I started glass painting a little over two years ago. The method I employ is the only one I’ve ever used so, I think it might be sensible to say that any comments I make about other methods, are a matter of perception, not experience.
It was an idea of my cousin, Pete Roberts that started things rolling. He’s had an interest in stained glass since leaving school when he became apprenticed to a Master Glass Painter. He thought it would be fun to combine our skills (I’m a signwriter) on a little project, making a few suncatchers.The plan was to use self-adhesive vinyl patterns cut on the vinyl plotter that I use in most of my sign-work nowadays. We cut, weeded and applied the vinyl patterns to the glass, thus bypassing the tedious business of drawing a pattern with outline paste.We then flood-coated the exposed areas with transparent glass paints. It worked beautifully.
When using vinyl patterns to delineate the areas of colour, applying the paint requires a little more care than when using outline paste, because the vinyl is flat and doesn’t ‘dam’ in the same way as I imagine paste does. But, with a bit of planning and the use of wide outlines, colour bleeding can be avoided.
If you don’t trust your own brushwork, it should be possible to pipe some paste along the centre of the vinyl lines to create dams. This could be done far more casually than normal, because, once silhouetted against a strong backlight, the edges of the paste wouldn’t be a visual part of the design.
After leaving the paint to dry thoroughly, a flood coat of varnish or resin will transform the piece. Some deft tooling, as the resin sets, can produce ripples and swirls to give the appearance of Cathedral Glass, but even without tooling it will look good and give off beautiful flashes and flares of light.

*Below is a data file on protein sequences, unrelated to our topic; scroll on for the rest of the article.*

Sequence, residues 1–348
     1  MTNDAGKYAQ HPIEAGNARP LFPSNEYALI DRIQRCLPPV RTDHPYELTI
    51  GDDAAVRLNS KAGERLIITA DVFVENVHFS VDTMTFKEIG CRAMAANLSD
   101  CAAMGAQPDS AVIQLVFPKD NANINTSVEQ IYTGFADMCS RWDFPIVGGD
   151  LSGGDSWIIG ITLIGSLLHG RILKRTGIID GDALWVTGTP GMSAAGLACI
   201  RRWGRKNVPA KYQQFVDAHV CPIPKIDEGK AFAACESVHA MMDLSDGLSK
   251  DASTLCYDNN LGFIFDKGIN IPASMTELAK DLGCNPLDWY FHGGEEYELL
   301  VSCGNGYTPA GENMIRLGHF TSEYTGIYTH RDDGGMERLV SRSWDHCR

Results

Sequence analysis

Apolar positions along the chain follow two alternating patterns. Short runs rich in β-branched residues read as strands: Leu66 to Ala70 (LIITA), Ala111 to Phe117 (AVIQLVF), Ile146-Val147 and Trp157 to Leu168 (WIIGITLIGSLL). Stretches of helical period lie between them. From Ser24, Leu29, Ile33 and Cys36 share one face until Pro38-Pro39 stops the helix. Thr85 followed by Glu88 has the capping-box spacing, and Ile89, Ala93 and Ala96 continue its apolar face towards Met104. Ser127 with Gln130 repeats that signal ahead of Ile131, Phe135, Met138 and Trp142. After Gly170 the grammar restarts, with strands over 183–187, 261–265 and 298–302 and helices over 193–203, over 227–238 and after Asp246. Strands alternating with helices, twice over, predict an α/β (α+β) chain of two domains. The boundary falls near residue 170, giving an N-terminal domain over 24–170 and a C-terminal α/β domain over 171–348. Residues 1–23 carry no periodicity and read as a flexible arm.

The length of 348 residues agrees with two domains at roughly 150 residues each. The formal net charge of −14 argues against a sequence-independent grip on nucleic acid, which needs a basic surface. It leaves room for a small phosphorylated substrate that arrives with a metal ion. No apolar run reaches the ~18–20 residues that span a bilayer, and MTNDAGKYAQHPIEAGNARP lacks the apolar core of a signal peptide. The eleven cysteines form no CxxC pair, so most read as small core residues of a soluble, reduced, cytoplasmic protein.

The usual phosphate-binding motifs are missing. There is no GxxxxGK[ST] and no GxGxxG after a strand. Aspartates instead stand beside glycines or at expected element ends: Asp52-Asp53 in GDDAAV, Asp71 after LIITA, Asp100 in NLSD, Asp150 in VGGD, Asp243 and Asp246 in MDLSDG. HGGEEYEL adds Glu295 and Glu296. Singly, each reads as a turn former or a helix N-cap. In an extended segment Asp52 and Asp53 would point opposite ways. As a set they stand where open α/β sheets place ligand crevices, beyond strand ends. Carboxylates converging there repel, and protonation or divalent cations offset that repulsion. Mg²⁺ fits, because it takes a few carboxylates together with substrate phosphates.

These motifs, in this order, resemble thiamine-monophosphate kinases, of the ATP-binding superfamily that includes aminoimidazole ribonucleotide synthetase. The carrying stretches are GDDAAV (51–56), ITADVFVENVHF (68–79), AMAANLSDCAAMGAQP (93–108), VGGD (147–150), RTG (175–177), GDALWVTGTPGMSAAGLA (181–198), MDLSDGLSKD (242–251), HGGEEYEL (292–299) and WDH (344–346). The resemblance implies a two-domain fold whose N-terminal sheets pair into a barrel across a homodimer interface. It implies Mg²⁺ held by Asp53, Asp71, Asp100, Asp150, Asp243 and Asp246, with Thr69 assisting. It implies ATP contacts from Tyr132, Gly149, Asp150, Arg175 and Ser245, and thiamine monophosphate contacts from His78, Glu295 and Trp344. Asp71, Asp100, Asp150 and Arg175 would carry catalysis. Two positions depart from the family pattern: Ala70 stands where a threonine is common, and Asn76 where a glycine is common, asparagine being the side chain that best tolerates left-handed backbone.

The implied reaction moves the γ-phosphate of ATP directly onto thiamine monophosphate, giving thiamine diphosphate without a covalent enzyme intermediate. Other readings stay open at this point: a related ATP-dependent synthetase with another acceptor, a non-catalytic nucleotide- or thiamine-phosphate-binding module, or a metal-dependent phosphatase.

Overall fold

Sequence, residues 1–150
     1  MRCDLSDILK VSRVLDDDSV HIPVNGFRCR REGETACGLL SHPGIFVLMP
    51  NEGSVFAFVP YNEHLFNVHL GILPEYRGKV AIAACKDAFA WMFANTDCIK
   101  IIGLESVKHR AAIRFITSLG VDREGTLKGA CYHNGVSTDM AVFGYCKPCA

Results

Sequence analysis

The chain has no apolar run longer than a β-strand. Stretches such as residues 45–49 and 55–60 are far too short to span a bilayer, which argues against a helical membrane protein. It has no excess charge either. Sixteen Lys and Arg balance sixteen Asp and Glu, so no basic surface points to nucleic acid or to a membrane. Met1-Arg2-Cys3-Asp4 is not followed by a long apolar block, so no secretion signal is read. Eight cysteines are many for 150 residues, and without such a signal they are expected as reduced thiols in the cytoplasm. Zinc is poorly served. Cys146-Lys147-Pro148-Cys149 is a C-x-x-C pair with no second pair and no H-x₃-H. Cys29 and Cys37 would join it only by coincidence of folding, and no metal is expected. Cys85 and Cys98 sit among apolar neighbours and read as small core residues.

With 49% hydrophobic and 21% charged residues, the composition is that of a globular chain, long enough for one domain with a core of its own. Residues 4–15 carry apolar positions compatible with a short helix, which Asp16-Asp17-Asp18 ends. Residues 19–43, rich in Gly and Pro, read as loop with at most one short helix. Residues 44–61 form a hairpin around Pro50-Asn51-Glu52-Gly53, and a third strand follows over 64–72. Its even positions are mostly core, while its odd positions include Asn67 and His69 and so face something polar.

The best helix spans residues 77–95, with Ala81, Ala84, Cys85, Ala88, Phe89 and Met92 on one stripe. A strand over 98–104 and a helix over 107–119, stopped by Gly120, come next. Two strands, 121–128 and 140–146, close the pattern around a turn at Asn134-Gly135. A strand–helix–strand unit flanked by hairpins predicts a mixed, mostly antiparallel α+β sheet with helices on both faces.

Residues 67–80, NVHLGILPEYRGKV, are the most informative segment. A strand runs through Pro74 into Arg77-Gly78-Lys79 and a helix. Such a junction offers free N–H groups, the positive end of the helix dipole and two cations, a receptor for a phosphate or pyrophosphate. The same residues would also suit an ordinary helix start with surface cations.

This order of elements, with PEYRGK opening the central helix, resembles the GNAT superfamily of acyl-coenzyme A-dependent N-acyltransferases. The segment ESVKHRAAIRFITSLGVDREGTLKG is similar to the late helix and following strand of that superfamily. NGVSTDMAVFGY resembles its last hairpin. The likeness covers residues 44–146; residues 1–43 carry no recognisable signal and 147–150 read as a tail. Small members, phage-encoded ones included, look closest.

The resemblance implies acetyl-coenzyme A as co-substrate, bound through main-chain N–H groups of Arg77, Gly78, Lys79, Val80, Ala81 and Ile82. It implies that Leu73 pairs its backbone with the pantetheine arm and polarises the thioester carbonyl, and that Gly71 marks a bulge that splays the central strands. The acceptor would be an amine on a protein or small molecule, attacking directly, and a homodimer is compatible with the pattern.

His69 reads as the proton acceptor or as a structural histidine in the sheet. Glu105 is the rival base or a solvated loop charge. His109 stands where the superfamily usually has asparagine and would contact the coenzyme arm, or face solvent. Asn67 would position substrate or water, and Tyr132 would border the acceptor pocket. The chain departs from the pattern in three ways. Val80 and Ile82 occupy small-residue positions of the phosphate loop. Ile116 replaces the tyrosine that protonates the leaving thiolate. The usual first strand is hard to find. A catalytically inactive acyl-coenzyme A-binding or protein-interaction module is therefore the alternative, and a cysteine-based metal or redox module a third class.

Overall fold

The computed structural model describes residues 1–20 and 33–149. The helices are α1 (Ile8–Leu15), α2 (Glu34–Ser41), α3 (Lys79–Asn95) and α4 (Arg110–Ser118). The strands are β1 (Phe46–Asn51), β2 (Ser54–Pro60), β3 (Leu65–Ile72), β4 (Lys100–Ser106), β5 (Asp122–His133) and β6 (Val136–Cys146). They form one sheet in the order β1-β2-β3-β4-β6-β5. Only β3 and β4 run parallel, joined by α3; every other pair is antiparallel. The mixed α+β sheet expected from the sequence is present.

I usually finish a piece by applying self-adhesive lead. For the sake of both looks and stability it’s good to solder the joints and link both sides. I prefer the weathered look so abrade the lead with wire wool and wash with Decra-Sheen liquid to blacken it.
Using the vinyl pattern method in its most basic form – just black outlines and plain flood-fills – results should look pretty good from the start, providing the design is sound. However, it is an immensely flexible method with few inherent limitations on size or complexity. The vinyl pattern can be applied weeded (unwanted material removed) or un-weeded in which case it becomes a ready cut mask for airbrushing, half-tone effects or even just simple colour application.
It can also be used as an effective resist mask for surface etching pastes such as Etchall. I plan to really go to town with various matts on my next big piece. I fancy doing a steam shed at night with variations of gloom and steam backlit by the sulphurous glow of fireboxes and yard lamps, in fact, very little colour at all. It could easily be a disaster but it will be fun trying.
You can see more of Arthurs work on his website http://www.buckssigns.co.uk/Glass.html .